The Brightness Trilogy Book 1

A groundbreaking project. A chance to cure the criminal mind. A vivid hope that spirals into a nightmare of human frailty and murder.

When a test program to end criminal behavior goes horribly wrong, can a professor stop a madman’s rampage?

Rand Aroyan thrives on ambition. A rising star in academic circles, the thirty-five-year-old philosophy professor has already earned work as a medical ethics consultant for research into revolutionary gene therapy. And he anticipates further accolades as a study kicks off to turn a narcissistic no-good into a healthy member of society… until the subject turns violent and escapes.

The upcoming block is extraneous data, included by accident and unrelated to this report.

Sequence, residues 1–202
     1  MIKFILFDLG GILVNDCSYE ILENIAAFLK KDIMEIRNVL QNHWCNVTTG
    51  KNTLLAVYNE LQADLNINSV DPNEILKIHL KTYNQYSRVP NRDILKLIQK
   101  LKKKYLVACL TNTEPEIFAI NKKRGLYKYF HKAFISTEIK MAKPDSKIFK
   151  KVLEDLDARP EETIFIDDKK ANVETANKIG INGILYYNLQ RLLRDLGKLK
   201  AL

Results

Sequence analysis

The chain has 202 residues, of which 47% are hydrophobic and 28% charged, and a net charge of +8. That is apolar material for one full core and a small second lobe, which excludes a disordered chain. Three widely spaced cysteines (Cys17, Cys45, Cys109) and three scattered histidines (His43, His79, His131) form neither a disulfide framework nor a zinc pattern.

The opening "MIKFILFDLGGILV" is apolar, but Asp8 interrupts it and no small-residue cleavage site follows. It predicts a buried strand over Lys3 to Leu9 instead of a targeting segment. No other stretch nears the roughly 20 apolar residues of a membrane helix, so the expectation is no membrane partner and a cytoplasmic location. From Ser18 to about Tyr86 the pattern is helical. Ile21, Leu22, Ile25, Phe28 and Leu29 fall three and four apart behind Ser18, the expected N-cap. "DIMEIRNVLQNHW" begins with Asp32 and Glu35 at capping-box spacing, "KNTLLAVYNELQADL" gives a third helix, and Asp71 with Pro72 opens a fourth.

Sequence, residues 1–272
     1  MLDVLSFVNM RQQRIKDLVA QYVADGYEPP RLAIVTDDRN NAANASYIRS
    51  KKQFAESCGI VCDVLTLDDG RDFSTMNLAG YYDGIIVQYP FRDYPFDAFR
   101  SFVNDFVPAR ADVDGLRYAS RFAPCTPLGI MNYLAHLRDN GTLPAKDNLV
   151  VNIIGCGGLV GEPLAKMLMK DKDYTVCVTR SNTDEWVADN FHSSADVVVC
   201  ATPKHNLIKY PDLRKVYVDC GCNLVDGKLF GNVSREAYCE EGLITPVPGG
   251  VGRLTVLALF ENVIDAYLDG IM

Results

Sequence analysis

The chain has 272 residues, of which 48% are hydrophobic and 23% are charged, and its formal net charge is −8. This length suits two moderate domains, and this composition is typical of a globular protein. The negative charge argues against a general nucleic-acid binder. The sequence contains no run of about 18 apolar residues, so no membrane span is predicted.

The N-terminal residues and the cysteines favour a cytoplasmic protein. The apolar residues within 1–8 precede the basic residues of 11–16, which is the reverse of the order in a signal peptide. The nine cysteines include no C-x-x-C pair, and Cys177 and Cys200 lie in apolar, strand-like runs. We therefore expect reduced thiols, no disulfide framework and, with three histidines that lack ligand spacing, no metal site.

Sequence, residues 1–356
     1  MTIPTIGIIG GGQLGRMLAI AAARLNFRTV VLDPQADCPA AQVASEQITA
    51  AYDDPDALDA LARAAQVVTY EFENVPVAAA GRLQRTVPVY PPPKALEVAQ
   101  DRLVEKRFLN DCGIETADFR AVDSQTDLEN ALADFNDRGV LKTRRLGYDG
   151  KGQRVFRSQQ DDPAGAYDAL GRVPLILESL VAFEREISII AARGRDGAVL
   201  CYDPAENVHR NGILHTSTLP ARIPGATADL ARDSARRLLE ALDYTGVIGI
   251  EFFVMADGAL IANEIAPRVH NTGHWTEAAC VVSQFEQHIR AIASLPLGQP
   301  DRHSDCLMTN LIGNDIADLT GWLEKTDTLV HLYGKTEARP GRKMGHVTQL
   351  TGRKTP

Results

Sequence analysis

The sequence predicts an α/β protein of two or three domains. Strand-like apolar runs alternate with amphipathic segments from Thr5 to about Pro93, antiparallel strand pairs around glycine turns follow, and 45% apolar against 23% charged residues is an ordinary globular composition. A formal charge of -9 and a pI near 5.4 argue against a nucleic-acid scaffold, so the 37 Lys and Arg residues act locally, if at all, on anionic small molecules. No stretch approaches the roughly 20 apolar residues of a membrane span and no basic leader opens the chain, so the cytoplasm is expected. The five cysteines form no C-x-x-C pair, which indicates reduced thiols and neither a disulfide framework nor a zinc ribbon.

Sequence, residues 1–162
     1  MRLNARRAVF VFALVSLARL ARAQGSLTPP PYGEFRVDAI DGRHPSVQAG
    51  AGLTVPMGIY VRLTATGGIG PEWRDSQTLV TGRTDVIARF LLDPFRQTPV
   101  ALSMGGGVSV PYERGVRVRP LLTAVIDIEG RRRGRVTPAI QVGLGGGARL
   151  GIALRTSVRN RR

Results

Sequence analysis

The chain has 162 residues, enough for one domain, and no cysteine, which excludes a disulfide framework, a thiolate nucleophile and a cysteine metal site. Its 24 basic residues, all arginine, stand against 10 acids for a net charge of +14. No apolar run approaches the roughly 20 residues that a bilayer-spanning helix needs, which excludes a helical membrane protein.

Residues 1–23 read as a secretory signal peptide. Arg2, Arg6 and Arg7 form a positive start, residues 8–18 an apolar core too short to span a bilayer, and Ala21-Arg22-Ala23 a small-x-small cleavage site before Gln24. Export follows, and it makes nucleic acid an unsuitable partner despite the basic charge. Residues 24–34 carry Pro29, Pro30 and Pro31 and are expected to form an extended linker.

Joining forces with a psychologist and an ex-pastor from the advisory council, Rand pursues his own investigation in a desperate need for answers. But even as his suspicions surrounding other committee members grow, the brilliant man finds everything he believed about humankind crumbling in the face of deadly stakes.

Can Rand put aside his own hubris long enough to stop the rising body count?

Bright Triad is the thought-provoking first book in the Brightness Christian science fiction series. If you like heroes who grow, attitude without the foul language and sleaze, and surprising twists, then you’ll love Daniel Zeigler’s insightful exploration of the intersection of reason and faith.


Excerpt from Bright Triad © Copyright 2024 Daniel Zeigler

Suddenly, Kip realized that he had a plan.